35~39歲196034811526851372244219559
40~44歲197795212342421408302174060
45~49歲177349611722811289332117051
50~54歲181282612925451395876103331
55~59歲182774013634941473158109664
60~64歲16589941282402136535282950
65~69歲13858061110031114744737417
70~74歲80938864103567179230757
75~79歲60908845498948057025582
80歲 & up82270249608951501118922
     
Total1572402512899413145116151612203

According to this, there were about 1.6 million extra votes in 2020 because of higher turnout. These were highly concentrated among the younger voters. In 2016, people 39 and under only made up 29.9% of the electorate, but this group accounted for 56.6% (about 912,000) of the “extra” turnout. As a result, the share of the under 39 group increased to 32.8% of the electorate in 2020. Nearly a million extra young votes seems like a lot.

But let’s go further. We know from quite a bit of survey evidence that young people were much more likely to vote for President Tsai. Let’s try to estimate how all those extra youth votes affected the final election tallies.

I’m going to use some numbers from the Taiwan Election and Democratization post-election survey. Surveys always ask respondents who they voted for, and post-election surveys always find inflated numbers for winners. (This is true every year, regardless of the winner’s party.) This year was no different. In the actual election, Tsai beat Han 57.7% to 38.6%. In the survey data, Tsai’s victory was an enormous 67.2% to 27.9%. To account for this, I inflated Han’s support by a factor of 1.38, Tsai’s by 0.86, and Soong’s by 0.88. This yields estimates for each of the age groups as follows:

Age groupSoong%Han%Tsai%
    
20-293.3%22.7%74.0%
30-396.6%27.8%65.5%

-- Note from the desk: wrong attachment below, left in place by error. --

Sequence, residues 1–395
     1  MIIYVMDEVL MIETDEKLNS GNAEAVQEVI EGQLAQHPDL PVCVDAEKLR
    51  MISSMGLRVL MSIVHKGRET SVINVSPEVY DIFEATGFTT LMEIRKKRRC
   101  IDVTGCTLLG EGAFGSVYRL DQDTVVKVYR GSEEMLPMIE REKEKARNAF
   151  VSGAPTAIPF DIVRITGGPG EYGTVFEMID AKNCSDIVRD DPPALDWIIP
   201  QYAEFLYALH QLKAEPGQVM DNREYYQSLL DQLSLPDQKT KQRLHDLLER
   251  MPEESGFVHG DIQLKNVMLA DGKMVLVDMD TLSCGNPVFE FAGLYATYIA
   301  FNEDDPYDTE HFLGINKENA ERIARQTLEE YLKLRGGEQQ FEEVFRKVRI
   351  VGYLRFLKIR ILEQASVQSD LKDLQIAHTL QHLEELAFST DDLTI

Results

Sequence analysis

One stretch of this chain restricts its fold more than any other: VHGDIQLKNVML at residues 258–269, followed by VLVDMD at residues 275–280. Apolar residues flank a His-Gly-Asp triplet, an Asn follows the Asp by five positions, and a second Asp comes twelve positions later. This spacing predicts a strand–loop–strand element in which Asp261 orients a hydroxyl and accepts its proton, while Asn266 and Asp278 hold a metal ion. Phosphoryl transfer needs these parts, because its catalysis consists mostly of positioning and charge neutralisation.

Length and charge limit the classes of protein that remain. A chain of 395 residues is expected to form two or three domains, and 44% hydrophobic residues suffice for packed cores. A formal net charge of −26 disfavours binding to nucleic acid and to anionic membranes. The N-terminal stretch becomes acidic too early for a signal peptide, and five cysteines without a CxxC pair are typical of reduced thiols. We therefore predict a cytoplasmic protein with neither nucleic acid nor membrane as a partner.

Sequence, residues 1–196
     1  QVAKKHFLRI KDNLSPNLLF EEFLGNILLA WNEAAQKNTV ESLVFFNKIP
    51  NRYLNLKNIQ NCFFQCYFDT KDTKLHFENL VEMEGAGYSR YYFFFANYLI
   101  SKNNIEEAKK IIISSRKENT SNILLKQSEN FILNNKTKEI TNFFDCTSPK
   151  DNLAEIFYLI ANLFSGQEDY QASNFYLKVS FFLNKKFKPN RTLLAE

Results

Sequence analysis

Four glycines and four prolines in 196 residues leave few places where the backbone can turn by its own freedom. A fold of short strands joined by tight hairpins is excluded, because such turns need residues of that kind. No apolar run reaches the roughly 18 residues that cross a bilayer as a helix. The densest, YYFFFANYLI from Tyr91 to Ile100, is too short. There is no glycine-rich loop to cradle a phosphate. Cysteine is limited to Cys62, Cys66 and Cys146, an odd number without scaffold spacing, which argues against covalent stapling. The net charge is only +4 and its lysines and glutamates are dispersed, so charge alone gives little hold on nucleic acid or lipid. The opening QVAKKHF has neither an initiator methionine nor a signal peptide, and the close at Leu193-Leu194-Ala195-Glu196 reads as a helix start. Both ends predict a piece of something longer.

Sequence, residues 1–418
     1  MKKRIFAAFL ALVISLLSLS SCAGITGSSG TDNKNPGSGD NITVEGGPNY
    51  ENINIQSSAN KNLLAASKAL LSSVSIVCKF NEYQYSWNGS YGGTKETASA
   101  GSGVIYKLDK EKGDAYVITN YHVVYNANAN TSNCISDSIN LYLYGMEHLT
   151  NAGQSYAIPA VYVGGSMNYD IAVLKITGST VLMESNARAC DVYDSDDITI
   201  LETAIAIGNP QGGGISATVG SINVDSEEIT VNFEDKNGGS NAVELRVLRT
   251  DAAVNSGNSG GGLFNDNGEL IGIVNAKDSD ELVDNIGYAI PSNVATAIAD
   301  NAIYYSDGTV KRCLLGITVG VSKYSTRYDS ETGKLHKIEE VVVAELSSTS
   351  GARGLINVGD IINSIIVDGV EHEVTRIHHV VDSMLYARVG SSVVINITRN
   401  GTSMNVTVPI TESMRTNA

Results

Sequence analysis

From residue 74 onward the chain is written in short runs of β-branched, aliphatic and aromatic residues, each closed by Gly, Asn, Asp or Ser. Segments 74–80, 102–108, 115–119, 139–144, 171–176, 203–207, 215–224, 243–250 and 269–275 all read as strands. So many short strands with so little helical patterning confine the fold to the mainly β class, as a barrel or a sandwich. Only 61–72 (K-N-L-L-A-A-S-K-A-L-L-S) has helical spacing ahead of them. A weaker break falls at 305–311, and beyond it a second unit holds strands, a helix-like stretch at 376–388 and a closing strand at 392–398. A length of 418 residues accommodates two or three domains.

40-496.1%39.5%54.5%
50-592.9%48.1%49.1%
60&up3.3%45.8%51.0%

Remember, these are fairly dirty estimates suitable only for blogging purposes. A serious methodologist writing a serious academic paper would massage them in several different ways, and they’d certainly all be different (but maybe not by all that much).

What does this imply about the final vote totals? If you take the 2020 votes and the “extra” votes from the previous table and multiply them by the vote shares in this table, you get the following:

Age groupAll votes TsaiAll votes HanAll votes gap“Extra” Tsai“Extra” Han“Extra” gap
       
20-2916687025121581156544349110107149241961
30-391644687698353946334288798122627166171
40-491469929106425340567615862511484743778
50-5914074301379799276301044871024362051
60&up21298461912653217193996748951010164
       
total8320593556721627533771000694536568464126

Tsai won every age group, but she didn’t win older voters by very much. In this estimate, Tsai beat Han by 2.7m votes. More than three-fourths of this margin (2.1m) came from voters under 40. If we look at the “extra” votes, the gap is even more stunning. Compared to what would have happened if people had voted at 2016 levels, Tsai’s margin of victory was 464,000 larger. Of this margin, 88% (408,000) came from “extra” voters under 40.